Claude Debussy (1867-1918)
Petite Suite (c1888)
Première Arabesque (c1890, arr. Léon Roques, 1910)
Six Épigraphes antiques (1914-15)
La fille aux cheveux de lin (1910, arr. Léon Roques, 1910)
Andante cantabile (1881)
Ballade slave (1890, arr. Gustave Samazueith, 1928)
Marche ecossaise (1890)
La mer (1905, arr. André Caplet, 1909)
Louis Lortie, Hélène Mercier (two pianos and piano duet)
rec. 2021, Concert Hall, Snape Maltings, UK
CHANDOS CHAN20228 
In some ten years of writing reviews for this site, this must be one of the most frustrating releases that I have ever encountered. Frustrating, first, foremost and principally, because there is absolutely nothing wrong with the release itself. The playing by the two distinguished pianists is faultless, distinctly outlining the notes with a clarity of separation; the recording in the superb acoustic of the Snape Maltings captures the sound ideally; the presentation of the booklet, with extensive and informative notes in three languages by Roger Nichols, is excellent; and the music itself, I need hardly add, is marvellous. No; what is so paradoxically frustrating is something that is not here.
Debussy’s music for two pianists (either seated side-by-side at one keyboard or at two instruments) constitutes the ideal content for a CD, covering as it does the whole spectrum of the composer’s development from his early essays written for Tchaikovsky’s patroness Mme von Meck to his final years during the desolation of the First World War. Some of the pieces are miniatures – the Marche écossaise which he later orchestrated being the most substantial of these – but there are also three more substantial suites. The early-ish Petite Suite is perhaps salon music, with its stylish debts to Delibes and Massenet slightly obvious; but it has a fecundity of charming melody which shows clearly that even then Debussy could command more variety in his music than a simple impressionist mistiness.
The Six épigraphes antiques were drawn from incidental music written for a spoken presentation of poetry by Pierre Louÿs – a sort of fore-runner of Walton’s Façade – which Debussy intended also to orchestrate; but this task was left for Ernest Ansermet to undertake after his death. And then finally came Debussy’s masterpiece for the two-piano repertoire, his bleak and desolate suite written during the First World War and published under the deliberately understated title En blanc et noir – music that is etched in “black and white” indeed. Roger Nichol’s booklet notes clearly appreciate the direction in which the composer was moving – his final lines are “France mobilised for war.” But then this music, the essential music to which Debussy was so inexorably moving, is simply missing.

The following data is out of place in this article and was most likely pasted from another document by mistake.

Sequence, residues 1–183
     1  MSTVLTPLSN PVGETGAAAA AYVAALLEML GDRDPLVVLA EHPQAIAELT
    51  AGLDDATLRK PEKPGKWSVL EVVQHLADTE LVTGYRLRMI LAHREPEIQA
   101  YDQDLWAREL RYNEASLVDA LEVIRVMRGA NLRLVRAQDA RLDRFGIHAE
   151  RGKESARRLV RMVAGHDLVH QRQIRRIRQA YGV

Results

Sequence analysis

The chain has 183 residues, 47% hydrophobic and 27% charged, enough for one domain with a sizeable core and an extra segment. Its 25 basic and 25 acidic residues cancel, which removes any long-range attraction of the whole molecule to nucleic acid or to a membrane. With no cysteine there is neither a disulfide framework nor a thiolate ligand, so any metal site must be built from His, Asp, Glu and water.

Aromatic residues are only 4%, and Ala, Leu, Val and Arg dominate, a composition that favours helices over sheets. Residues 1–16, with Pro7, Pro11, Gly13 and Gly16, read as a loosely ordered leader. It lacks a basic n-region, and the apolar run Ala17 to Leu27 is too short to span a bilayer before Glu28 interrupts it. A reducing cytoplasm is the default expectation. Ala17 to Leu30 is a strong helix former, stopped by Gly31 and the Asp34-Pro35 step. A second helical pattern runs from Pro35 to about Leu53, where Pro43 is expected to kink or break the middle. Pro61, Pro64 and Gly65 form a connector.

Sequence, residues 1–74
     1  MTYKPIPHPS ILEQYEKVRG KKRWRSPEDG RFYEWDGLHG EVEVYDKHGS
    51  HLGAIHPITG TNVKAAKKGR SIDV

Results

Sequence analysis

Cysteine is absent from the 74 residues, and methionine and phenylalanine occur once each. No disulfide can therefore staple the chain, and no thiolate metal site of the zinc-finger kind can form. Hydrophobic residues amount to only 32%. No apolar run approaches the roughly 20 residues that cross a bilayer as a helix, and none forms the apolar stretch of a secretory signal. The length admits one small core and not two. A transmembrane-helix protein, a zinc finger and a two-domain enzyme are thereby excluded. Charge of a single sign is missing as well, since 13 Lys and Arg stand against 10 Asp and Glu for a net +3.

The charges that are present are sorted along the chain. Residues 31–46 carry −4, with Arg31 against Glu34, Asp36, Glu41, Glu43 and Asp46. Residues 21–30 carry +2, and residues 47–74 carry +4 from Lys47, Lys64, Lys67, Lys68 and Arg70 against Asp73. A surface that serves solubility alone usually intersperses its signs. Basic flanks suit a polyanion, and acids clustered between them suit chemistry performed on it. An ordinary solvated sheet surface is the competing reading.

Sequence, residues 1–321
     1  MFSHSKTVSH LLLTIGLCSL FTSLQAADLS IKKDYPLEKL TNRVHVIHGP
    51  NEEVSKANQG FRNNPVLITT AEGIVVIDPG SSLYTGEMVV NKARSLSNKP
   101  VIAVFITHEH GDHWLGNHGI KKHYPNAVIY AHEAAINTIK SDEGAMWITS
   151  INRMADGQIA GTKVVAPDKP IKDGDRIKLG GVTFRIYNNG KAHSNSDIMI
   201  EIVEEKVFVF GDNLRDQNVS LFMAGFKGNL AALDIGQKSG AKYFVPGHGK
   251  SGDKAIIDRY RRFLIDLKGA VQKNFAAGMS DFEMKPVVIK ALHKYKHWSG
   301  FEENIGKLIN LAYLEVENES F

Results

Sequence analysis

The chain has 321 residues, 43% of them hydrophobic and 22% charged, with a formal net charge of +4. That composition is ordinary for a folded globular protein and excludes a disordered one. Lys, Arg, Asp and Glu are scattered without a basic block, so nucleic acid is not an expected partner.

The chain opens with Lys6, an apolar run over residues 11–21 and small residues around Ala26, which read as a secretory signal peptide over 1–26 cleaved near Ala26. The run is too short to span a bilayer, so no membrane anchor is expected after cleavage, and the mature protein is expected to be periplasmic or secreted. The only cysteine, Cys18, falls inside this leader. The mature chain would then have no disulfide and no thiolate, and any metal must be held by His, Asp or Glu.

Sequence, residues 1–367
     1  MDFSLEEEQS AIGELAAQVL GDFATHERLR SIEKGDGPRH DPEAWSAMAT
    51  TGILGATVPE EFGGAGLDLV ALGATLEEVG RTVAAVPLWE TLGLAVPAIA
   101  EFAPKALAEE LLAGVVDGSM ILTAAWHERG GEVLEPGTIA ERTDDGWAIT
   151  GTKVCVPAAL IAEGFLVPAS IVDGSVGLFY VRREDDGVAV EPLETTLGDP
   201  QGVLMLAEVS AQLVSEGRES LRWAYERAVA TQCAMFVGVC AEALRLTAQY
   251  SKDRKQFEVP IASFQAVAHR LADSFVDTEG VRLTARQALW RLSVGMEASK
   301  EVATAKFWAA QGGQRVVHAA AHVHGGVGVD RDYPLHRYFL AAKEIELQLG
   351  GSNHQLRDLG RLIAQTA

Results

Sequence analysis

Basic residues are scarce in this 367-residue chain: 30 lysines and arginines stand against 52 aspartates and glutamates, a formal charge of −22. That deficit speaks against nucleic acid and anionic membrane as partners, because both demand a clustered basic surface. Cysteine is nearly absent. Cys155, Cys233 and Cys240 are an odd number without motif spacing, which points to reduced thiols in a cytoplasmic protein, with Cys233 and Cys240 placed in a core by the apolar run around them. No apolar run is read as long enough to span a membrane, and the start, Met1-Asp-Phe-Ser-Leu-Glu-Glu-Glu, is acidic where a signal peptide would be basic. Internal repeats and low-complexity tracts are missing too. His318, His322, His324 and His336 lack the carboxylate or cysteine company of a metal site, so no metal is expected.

That is not to say that the purchaser of this very full disc is under-compensated. We are given, in addition to the works specifically written for two pianists and one of the two early Meck pieces, arrangements of La fille aux cheveux de lin and the first of the two Arabesques by Léon Roques which were published in 1910 presumably with the composer’s approval, and a rather pointless transcription of the Ballade slave which was not made until ten years after his death. And then we are also furnished with André Caplet’s two-piano version of La mer. Debussy himself had prepared a version of the score for two pianos in 1905, but four years later he apparently approved Caplet’s version since, according the Roger Nichols, he “came to feel that this [his own version] did not do justice to the textural complexity of the work.” And that is precisely the problem. Such a work as La mer, with its subtle interplay of orchestral colours, simply fails to capture more than half of its function when it is reduced to the single tone of the piano, whether doubled or no. Instead of the polychromatic life of the original, we are reduced to a purely monochrome reproduction – en blanc et noir indeed.
Nevertheless, there might be something to be said for letting us hear Debussy’s music in two-piano and piano-duet arrangements, especially those published during his lifetime, even when we may suspect that reasons of commercial necessity may have prompted their original issue in the days when domestic performance still was necessary, in the ‘dark days’ before the arrival of accurate electronic home sound reproduction. One might have welcomed the appearance, especially in performances and recordings of this quality, of such versions of scores such as the Nocturnes or Images, let alone the ubiquitous afternoon of the faun; but if so, and a second volume of such recordings was intended, this disc should have been clearly entitled Volume One. In the meantime, however, a disc of Debussy Piano Duets (as this is described) is clearly lamed when Debussy’s major work in the form is frustratingly omitted without explanation.
Paul Corfield Godfrey